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A short history of the Douglaston Club

The Douglaston Club building and the grounds on which it stands have an interesting cultural and long running history.  Prior to the building of the house in 1819 the property around it was in the possession of such notable Queens families as the Hicks, Van Zandts, and Van Wycks. The Van Zandts built the house after acquiring most of the property included on the peninsula.

The next major occupant, George Douglas, bought it in 1862 and added it to property to the south that he had purchased in 1835.  After his death the property moved to his son William P., an international traveler, sportsman and sailor. He defended one leg of the Americas Cup race in 1871 in the Yacht Sappho.  The current burgee (pennant) of the Douglaston Yacht Squadron is an adaptation of William P.’s personal symbol.
(For more on the illustrious past of Capt. Douglas and the Sappho, click on this link: http://www.americascup.com/en/acclopaedia/boatdestiny/index.php?idIndex=0&idContent=4629)


During the last quarter of the 1800’s Little Neck Bay was a haven for the likes of J.P. Morgan, J.G. Bennett, Thomas Lipton and their yachts. They formed the Douglaston Yacht Club and had a palatial floating clubhouse which was towed out to the Long Island Sound and anchored. From their vantage point on the porches of the floating clubhouse, members could enjoy watching the races in grand style. Late in the 1890’s a nor’ easter ripped through Little Neck Bay and tore the clubhouse from its moorings. The next day it was found across the bay near Crocheron Lake with the club piano standing amidst the wreckage of the clubhouse.

Following this, some members abandoned Little Neck Bay since silt was filling in the bay, and hampering the sailing of large yachts. They moved further east and formed the Manhasset Bay Yacht Club, which still exists today. Others formed the Bayside Yacht Club which had a long run, but no longer exists. One interesting fact is that yachting on Little Neck Bay & Long Island Sound around this time was limited due to the blockades and mine fields set up at the mouth of the East River during the Spanish-American war.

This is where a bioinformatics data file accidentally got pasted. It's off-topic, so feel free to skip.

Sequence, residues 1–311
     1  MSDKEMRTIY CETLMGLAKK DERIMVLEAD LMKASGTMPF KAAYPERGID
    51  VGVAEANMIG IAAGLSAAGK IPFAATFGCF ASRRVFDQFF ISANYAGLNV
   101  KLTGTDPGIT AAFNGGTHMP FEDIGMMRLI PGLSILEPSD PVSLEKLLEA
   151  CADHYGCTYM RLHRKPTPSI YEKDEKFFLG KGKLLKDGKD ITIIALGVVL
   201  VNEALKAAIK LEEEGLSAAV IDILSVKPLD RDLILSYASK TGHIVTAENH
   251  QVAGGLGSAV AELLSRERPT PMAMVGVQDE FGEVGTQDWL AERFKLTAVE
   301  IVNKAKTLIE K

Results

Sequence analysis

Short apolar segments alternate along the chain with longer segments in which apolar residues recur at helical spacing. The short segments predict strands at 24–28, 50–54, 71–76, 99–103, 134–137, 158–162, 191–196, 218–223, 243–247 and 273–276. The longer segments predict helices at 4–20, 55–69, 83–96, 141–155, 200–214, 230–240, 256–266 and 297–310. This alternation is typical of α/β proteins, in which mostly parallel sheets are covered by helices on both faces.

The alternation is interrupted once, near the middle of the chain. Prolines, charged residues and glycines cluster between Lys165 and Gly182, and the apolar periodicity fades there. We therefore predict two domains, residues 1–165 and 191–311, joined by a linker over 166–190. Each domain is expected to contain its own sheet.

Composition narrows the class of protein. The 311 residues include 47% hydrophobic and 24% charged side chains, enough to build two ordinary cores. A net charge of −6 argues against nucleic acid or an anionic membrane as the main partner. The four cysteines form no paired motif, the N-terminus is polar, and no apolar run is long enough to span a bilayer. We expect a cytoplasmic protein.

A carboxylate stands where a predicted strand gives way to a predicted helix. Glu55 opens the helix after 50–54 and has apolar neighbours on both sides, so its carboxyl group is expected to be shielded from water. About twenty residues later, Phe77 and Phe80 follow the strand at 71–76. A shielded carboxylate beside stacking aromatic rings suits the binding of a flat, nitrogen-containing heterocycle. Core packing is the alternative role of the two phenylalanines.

The Douglas era and ownership ended in 1906 when the property and buildings were sold to the Douglas Manor Company for the development of a modern residential park. The Douglas Manor House became the Douglaston Inn and the old Van Wyck farmhouse at 126 West Drive became The Douglaston Country Club. One of the objectives was to maintain a club house for the benefit and enjoyment of its members. A 1988 interview with a Douglastonian born in 1903 revealed that the Club had an 8 hole golf course and twice weekly dancing lessons. The lessons provided the young ladies with the opportunity to board a launch to the Bayside Yacht Club for a Saturday evening of dancing.

In 1918 the Country Club became the Douglaston Club and in 1921 with 144 members the Douglaston Club bought the Douglaston Inn for $61,000. The by-laws stated that the Club is a members only non-profit organization to promote and stimulate cultural, educational and recreational activities for the benefit and participation of its members and to provide a clubhouse for such purposes.

In 1927 the Douglaston Yacht Squadron was formed with 77 members and became the Douglaston Yacht Squadron of the Douglaston Club of Douglaston, Long Island, New York. Its objective was to encourage the sport of yachting, to promote the science of seamanship and navigation and to provide and maintain a suitable anchorage and facilities for the recreation and use of its members.

Over the years the club has been involved in activities with the Douglas Manor Association and other community organizations. Some are the July 4th games, the Country Fair, dinner dances, meetings and socials, as well as many happy family affairs such as weddings, birthdays and special occasion celebrations.

Built in 1819 the club house has a long and colorful history. Presently it has 5 tennis courts, a full size pool, 3 bowling lanes, dining/bar service and a new state of the art kitchen, and the Douglaston Yacht Squadron remains an integral part of the Club and provides nautical and land based programs for the club’s seafaring members.